1.7 DEFINITION OF THE TERM
INFLATION: Inflation is defined as a sustained increase in the general level of prices for goods and services in a county, and is measured as an annual percentage change. Under conditions of inflation, the prices of things rise over time. When inflation goes up, there is a decline in the purchasing power of money.
INTEREST RATE: Interest rate is the amount charged, expressed as a percentage of principal, by a lender to a borrower for the use of assets. Interest rates are typically noted on an annual basis, known as the annual percentage rate (APR). Interest is essentially a rental, or leasing charge to the borrower, for the asset’s use.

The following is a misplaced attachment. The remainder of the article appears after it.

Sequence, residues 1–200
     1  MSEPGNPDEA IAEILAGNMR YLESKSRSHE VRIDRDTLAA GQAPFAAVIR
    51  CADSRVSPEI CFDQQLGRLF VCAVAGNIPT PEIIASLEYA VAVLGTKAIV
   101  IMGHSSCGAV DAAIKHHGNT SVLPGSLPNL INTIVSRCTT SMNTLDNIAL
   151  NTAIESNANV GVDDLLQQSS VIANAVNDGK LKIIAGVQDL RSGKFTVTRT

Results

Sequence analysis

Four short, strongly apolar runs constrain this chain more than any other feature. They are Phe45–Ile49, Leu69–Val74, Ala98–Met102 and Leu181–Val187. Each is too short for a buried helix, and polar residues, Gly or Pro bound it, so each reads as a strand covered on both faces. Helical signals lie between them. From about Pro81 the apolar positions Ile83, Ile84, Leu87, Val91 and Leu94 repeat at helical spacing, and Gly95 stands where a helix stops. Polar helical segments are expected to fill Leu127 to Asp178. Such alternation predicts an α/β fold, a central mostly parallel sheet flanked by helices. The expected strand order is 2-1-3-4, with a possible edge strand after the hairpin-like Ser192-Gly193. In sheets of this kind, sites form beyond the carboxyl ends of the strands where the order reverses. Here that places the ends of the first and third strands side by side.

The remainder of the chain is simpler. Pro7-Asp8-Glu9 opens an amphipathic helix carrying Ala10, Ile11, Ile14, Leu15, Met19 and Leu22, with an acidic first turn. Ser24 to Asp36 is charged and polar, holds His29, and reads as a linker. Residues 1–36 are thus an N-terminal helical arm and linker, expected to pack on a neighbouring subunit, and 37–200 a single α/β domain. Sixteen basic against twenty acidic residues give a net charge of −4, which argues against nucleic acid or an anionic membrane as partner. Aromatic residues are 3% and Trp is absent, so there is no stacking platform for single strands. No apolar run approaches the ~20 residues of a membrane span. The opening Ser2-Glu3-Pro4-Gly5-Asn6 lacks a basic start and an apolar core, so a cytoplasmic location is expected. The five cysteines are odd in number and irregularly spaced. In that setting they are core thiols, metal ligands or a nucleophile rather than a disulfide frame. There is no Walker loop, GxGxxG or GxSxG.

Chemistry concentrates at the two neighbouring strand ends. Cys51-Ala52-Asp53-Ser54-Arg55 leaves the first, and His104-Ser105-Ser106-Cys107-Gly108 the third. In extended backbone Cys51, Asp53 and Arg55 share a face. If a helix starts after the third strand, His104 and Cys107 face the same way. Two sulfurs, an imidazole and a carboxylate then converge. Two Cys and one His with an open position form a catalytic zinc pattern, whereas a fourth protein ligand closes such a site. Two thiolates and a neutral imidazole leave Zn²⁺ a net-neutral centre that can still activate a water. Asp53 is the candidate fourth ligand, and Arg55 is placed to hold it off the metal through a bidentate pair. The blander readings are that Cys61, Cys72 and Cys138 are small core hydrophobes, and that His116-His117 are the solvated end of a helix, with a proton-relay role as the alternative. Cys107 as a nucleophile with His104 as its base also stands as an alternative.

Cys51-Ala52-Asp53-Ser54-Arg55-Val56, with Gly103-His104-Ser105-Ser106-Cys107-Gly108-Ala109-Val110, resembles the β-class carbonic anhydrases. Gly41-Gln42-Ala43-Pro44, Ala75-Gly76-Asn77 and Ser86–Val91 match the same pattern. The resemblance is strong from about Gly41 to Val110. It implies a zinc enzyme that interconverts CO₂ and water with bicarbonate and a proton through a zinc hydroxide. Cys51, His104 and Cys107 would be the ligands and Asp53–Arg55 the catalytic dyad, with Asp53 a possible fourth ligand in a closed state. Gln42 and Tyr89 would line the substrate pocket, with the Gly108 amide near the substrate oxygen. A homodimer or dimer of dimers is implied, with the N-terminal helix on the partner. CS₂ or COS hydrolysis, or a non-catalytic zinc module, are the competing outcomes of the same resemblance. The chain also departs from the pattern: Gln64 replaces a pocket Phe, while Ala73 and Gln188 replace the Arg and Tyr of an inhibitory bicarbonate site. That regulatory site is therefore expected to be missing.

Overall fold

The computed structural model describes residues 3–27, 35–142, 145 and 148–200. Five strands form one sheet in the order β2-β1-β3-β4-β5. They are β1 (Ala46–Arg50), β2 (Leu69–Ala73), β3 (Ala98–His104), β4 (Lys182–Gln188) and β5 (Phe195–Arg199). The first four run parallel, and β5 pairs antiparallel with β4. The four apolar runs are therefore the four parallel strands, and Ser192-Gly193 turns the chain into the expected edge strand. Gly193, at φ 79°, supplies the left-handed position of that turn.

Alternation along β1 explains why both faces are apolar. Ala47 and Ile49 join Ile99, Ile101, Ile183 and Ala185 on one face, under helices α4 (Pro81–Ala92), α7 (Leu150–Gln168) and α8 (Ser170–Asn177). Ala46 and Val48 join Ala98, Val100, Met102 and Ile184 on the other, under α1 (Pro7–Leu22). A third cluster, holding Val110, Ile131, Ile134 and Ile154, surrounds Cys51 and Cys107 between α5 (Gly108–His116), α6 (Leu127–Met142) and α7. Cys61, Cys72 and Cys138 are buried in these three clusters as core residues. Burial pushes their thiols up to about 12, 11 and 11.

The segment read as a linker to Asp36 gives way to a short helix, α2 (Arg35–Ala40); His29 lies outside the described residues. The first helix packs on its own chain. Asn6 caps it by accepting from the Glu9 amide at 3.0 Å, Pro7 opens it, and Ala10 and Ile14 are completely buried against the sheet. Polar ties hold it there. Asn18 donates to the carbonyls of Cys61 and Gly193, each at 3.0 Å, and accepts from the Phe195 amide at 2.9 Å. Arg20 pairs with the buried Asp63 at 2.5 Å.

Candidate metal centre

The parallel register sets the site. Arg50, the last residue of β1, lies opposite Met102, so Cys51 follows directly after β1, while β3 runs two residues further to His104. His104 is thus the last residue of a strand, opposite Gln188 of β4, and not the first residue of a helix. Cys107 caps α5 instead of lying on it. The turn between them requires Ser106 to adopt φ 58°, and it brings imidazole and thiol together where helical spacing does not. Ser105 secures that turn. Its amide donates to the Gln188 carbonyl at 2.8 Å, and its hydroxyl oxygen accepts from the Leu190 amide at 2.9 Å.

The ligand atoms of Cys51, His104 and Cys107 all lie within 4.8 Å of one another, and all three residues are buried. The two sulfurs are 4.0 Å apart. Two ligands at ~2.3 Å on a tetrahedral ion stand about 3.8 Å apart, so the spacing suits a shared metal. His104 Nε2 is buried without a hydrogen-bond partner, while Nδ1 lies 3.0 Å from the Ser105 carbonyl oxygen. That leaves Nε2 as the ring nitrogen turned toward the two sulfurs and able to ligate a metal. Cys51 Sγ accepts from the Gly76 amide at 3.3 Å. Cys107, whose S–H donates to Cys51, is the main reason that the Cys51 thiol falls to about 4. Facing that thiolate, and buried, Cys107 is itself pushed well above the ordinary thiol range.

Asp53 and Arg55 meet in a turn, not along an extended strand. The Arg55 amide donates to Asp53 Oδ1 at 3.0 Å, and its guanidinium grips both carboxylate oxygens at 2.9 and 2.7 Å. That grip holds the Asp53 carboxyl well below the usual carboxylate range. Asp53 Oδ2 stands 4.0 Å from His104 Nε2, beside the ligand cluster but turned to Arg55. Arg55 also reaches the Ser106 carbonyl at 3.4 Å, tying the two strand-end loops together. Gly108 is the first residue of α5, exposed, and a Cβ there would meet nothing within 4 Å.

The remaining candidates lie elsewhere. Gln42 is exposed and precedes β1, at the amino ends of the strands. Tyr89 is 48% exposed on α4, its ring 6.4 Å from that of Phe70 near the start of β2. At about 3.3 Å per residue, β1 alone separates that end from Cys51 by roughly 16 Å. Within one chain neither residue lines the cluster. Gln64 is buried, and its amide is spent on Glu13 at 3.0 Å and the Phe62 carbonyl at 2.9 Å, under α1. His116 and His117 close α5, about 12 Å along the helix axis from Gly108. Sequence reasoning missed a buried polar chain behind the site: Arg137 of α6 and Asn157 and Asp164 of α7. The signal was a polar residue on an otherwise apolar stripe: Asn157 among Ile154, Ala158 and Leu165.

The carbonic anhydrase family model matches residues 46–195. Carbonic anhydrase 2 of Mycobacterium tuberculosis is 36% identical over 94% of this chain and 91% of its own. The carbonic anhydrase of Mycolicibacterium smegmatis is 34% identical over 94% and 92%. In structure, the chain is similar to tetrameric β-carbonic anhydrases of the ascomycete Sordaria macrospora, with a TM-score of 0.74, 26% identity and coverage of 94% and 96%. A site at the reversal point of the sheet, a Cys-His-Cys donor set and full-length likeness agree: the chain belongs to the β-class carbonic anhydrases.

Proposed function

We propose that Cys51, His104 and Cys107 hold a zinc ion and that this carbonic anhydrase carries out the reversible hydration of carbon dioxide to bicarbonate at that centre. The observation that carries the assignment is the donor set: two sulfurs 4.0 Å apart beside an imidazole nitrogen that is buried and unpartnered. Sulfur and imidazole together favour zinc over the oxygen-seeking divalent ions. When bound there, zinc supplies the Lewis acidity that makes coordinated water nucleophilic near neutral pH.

AGRICULTURAL PRODUCTIVITY: Agricultural productivity is measured as the ratio ofagricultural outputs to agricultural inputs. While individual products are usually measured by weight, their varying densities make measuring overall agriculturaloutput difficult.
1.8 ORGANIZATION OF THE STUDY
This research work is organized in five chapters, for easy understanding, as follows
Chapter one is concern with the introduction, which consist of the (overview, of the study), historical background, statement of problem, objectives of the study, research hypotheses, significance of the study, scope and limitation of the study, definition of terms and historical background of the study. Chapter two highlights the theoretical framework on which the study is based, thus the review of related literature. Chapter three deals on the research design and methodology adopted in the study. Chapter four concentrate on the data collection and analysis and presentation of finding. Chapter five gives summary, conclusion, and recommendations made of the study